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Repent. Turn. Live

Ezekiel 18:1-4,25-32

Pastor Mark Schlamann

Pentecost 15, Proper 21, series A
Unknown Location  

Sun, Sep 25, 2011 

Zion Lutheran Church, Harbine, Nebraska

"Repent.  Turn.  Live."

Fifteenth Sunday after Pentecost—First Sunday in St. Michael's Tide


Ezekiel 18:1-4, 25-32

September 25, 2011




In playing a game, or in any kind of competition, there are winners, and there are losers.  Sometimes you win, and sometimes you lose.  There's an old saying that goes, "It doesn't matter whether you win or lose; it's all about how you play the game."  I hated that saying, because I hate to lose.  I preferred the legendary football coach, Vince Lombardi's, view.  He said.  "Winning isn't everything; it's the only thing."  To that end, when I wanted to play a game, I wanted to change the rules—to stack the deck in my favor.  I wanted every advantage I could gain for myself.  I wanted to give myself the best shot at winning against a better opponent, who usually defeated me anyway.  I just wanted to win, but I didn't want to break the rules…just to change them, and it rarely worked.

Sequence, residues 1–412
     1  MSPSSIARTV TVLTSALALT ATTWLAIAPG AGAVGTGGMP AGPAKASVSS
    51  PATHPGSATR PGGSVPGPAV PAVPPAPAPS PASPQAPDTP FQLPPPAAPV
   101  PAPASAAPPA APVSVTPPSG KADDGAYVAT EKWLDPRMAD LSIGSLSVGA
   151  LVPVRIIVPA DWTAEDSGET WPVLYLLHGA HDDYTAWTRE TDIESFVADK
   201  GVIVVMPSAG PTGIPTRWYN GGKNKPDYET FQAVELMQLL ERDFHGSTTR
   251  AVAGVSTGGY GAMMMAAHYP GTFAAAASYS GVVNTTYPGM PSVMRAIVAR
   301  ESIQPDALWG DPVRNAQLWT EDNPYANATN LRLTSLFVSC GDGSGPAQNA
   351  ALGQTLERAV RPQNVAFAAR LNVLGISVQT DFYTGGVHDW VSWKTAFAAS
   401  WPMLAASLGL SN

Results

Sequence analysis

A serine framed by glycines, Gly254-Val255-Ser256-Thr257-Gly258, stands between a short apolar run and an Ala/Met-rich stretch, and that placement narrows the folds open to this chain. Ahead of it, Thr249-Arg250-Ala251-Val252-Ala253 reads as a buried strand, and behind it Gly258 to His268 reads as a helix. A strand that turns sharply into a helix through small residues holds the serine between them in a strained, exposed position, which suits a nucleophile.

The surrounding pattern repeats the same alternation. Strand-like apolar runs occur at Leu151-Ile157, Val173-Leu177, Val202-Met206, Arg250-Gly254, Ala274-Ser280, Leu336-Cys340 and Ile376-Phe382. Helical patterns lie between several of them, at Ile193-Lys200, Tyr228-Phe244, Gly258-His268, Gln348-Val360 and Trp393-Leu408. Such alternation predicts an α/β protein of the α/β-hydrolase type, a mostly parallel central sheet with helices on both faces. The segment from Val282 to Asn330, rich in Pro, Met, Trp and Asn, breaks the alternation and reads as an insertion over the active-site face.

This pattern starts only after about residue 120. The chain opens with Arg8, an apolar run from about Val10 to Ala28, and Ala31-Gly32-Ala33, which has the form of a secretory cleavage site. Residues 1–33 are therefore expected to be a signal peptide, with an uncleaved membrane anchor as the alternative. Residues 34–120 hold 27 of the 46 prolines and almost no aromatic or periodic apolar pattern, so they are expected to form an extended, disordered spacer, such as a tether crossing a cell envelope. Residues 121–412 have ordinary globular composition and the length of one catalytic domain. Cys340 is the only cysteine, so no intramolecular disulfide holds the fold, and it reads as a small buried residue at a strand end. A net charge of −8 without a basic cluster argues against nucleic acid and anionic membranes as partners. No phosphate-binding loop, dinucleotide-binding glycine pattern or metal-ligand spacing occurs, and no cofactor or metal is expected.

In our text, God is changing things up a bit, changing what He wants Ezekiel to preach to the people.  In those days there was a proverb, quoted in our text, "The fathers have eaten sour grapes, and the children's teeth are set on edge" (v. 2).  This was something the people would say if they wanted to claim they were being treated unfairly, supposedly having to pay for someone else's misdeeds.  The children would pay for the sins of their fathers, and the children often did not repent of their own sins, making the punishment worse.  They wanted to pass the buck, if they could, to let someone else bear the brunt of the punishment they richly deserved.  But they were to repent of their sins…and the sins of their forefathers, which were passed down to them.  In fact, when God gave Moses the Ten Commandments, God said to him (and the Israelites), "I the Lord your God am a jealous God, visiting the iniquity of the fathers on the children to the third and the fourth generation of those who hate Me, but showing steadfast love to thousands of those who love Me and keep My commandments" (Ex. 20:5b-6).  But God in His mercy relented of that particular decree.  He would no longer demand His people pay for the sins of their fathers.  From now on, they were accountable for their own sins, and nobody else's.  In fact, the Lord commanded two of His prophets, Ezekiel (in our text) and Jeremiah (in chapter 31 of his book), to no longer speak of this proverb.  It no longer applied to God's people.  They were to confess their own sins.  They were to repent of their own sins.  They were to turn from their sins.  That's that the word repent means: to turn around.